School Guardian.-"This is an admirable book for teaching young pupils the first principles of Latin construction. By attempting to follow the method which a child pursues in learning its own language, the editors here have considerably improved upon older books. The pieces for translation may, perhaps, be somewhat beyond the powers of a boy able to do the exercises; but a book like this deserves to be gone over time after time until the whole is thoroughly learnt."
Educational Review.-"This will be found a useful book. . . . A short, and generally very clear, summary of the rules is given with a large number of exercises on them, and the book is interspersed with pieces for translation. The sections on 'oratio obliqua' are specially good."
School Board Chronicle.-" Macmillan's Shorter Latin Course, Part Second, is a worthy sequel to Part First, but abridged and rendered more intelligible to young students.. The points that are most usefully and fully illustrated are those precisely most wanted. It is a most serviceable book, and as such
we highly recommend it."
Schoolmaster.-"We regard this as a useful and practical elementary Latin text-book; a judicious mixture of accidence, syntax, vocabularies, reading lessons, and notes. It makes the subject about as interesting and instructive as it could well be made, and young students using it with a good teacher should make sound and satisfactory progress."
Educational Gazette.-"To students who have made some progress with the Latin Grammar, and who are seeking a useful, practical guide in Latin Composition, we recommend this book as one of the most useful they can adopt.
To anyone who carefully goes through the series of exercises contained in the book we can guarantee a knowledge of Latin sufficient for such examinations as that of the First Arts at the Royal University."
Glasgow Herald-"A handy abridgment of the larger work. The exercises take the student over the verbs and the dependent sentences, and illustrate copiously all the more important rules of syntax. The pieces for translation are for the most part interesting stories. The bock on the whole is remark. ably well adapted for teaching purposes."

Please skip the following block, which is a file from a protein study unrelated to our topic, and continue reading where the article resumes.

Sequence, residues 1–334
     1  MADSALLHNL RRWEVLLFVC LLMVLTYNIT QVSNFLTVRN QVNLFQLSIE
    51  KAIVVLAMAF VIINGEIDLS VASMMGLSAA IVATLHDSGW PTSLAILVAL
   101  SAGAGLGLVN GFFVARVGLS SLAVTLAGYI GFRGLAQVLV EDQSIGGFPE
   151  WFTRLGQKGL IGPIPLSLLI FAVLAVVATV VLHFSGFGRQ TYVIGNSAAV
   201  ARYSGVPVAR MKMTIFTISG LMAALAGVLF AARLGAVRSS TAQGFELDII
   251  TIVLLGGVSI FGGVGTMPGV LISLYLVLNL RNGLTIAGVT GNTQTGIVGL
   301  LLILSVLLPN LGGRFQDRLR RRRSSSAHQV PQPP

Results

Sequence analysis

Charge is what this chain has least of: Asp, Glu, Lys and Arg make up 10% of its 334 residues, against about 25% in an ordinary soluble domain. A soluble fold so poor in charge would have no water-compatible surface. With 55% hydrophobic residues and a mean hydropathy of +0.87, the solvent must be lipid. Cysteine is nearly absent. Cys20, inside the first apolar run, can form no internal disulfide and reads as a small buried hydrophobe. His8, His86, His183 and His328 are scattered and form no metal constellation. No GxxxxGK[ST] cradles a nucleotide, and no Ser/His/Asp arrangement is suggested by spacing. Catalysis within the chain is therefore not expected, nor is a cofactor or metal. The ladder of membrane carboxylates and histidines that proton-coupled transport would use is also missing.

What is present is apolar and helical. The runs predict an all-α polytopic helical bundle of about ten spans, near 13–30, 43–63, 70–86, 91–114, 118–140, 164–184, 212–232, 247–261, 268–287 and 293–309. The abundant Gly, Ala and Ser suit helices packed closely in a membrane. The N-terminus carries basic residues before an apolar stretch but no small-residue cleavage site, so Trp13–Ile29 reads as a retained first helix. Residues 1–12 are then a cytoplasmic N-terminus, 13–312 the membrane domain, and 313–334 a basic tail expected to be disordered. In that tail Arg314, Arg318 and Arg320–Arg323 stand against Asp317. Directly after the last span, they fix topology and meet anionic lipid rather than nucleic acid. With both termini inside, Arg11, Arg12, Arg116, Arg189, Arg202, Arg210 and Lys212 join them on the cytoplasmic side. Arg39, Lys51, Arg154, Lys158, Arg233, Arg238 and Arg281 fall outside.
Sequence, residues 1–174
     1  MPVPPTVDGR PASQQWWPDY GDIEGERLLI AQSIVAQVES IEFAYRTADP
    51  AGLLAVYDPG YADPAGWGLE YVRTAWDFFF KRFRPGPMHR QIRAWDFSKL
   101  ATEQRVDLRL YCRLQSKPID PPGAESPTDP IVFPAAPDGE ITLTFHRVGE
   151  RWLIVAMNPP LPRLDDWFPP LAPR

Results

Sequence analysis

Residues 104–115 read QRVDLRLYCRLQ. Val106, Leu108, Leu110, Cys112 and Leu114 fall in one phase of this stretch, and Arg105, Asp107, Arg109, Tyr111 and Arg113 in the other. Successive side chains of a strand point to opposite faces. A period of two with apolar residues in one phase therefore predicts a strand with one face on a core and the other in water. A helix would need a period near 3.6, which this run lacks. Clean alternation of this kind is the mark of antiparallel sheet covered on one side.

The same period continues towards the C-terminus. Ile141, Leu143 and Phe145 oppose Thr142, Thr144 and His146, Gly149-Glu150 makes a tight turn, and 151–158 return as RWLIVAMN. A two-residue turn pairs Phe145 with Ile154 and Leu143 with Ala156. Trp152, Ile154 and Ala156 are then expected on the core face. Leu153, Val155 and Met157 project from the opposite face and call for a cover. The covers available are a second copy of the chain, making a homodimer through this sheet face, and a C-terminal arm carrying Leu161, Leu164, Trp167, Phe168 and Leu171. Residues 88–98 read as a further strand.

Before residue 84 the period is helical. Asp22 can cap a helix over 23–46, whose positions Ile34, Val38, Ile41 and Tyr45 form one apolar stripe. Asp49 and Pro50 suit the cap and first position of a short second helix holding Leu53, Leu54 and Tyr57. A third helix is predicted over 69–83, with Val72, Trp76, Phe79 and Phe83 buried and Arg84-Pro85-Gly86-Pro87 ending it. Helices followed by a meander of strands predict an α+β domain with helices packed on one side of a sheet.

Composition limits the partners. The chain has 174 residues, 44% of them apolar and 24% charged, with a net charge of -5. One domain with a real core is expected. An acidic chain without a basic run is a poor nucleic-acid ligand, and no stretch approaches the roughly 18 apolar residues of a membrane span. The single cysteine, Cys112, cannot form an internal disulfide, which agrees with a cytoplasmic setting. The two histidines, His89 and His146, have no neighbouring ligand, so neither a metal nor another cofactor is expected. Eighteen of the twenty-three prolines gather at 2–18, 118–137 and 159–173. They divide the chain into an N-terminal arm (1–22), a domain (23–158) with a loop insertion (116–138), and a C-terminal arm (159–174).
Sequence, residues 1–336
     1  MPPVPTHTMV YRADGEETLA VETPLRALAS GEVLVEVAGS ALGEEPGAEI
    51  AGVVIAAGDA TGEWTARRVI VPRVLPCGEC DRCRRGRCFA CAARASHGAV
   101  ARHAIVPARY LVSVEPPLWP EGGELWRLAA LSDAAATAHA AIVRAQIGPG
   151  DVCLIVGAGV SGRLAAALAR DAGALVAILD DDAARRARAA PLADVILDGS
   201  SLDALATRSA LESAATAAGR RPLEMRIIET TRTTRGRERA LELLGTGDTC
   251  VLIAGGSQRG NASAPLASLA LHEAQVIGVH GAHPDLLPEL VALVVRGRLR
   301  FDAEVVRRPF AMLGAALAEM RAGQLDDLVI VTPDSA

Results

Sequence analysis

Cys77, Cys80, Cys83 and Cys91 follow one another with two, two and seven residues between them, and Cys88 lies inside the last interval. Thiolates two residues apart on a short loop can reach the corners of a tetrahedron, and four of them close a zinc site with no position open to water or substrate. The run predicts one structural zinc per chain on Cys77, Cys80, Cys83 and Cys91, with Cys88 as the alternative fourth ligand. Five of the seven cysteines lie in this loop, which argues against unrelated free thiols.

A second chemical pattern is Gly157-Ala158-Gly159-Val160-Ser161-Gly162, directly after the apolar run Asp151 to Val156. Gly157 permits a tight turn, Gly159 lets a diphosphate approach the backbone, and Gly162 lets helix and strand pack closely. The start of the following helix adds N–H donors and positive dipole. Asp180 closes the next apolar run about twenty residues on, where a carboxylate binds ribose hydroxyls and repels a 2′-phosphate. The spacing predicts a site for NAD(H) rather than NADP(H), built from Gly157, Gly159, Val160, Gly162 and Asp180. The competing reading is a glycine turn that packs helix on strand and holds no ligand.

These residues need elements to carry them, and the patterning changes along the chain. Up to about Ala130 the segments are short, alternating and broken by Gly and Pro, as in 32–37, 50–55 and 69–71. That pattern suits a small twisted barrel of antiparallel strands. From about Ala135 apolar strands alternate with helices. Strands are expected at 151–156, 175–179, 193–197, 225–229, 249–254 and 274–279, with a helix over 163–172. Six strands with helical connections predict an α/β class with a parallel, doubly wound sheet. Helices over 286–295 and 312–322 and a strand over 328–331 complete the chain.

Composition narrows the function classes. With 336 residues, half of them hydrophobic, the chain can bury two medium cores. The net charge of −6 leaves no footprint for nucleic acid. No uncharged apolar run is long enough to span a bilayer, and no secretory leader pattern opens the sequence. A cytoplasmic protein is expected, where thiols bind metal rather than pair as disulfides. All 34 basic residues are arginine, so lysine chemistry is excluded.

hostes fuga salutem petiisse. 10. Ii se suaque1 omnia nobis dediderunt.
[6.] 1. Caesar carried on war with all the tribes of Gaul. 2. The soldiers of the fifth legion have been sent to the Parisii. 3. The Romans knew the men who 4. The Romans carried on war 5. The soldiers who
were asking for peace.
in the territory of the Germans. stood in front of the camp saw the horsemen. 6. The barbarians set sail at midnight. 7. The soldiers of that legion will turn 2 and seek safety in flight. 8. The Roman leader restored all their hostages to the Haedui. 9. Money is now being paid; peace has been made: hostages have been given. 10. I will write a letter to him he will not maintain his opinion.
Philosophus quidam tantum libris deditus est ut cetera omnia prorsus ignoraret. Viso puero quodam, dum in via ambulat, quaesivisse dicitur: "Tu, parve puer, quod tibi nomen?" Respondit puer: "At, mi pater, filius tuus ego sum, nomine Octavus."
Iam barbam cuiusdam raserat tonsor quaesiveratque num quid eorum quae in tonstrina essent desideraret; unguentorum enim atque optimorum quidem copiam esse maximam. Negavit tamen ille sibi quidquam opus esse, rogavitque: "Quantum tibi me dare oportet ?" 5 Da modo, domine," inquit, "quidquid soles ei qui
1 Suaque = sua + que.
2 He turns (i.e. he turns himself round) must be se vertit: verto is a transitive verb, that is to say, it must be accompanied by an accusative case.
Shorter Latin Course
Before doing the two following exercises note the difference between
1. Si adsit, eum laudemus (present subjunctive), If he were to come (in the future) we should praise him, and
2. Si adesset, eum laudaremus (imperfect subjunctive), If he were here (now) we should be praising him. (It is implied that he is not here.) [124.] 1. Si rex essem, tibi non parcerem. 2. Si imperator fiam, Haeduos facile vincam. 3. Si ad regem adire auderem, ei persuaderem ut filium tuum liberaret. 4. Nisi canem timeret, non abiret. 5. Si mihi duo talenta des, de his rebus certiorem te faciam. 6. Si mihi duae essent legiones, Galli nobis nocere non possent. 7. Si negotio se dedat, ceteris facile praestet. 8. Si mos esset nobis ut victis parceremus, vitam vobis concederem. 9. Si liceat nobis abire liberis, e vestris finibus abeamus, nec quisquam nostrum redeat: aliquantum auri, frumenti multum ad vestram urbem quotannis mittamus. 10. Etiamsi vobis credere possem, non liceret mihi more populi Romani vobis parcere.
[125.] 1. If he were to come, I should not speak with him. 2. If he were present, I should say the same. 3. If he were to ask me, I should say that the legions ought to cross the river. 4. If he were to say it, I should not advise you to believe him. 5. If Caesar were to come with a fleet of a hundred ships, we would give up the city to him. 6. If I were in command of the cavalry, I should not fear Ariovistus, the king of the Germans. 7. If he understood this he would not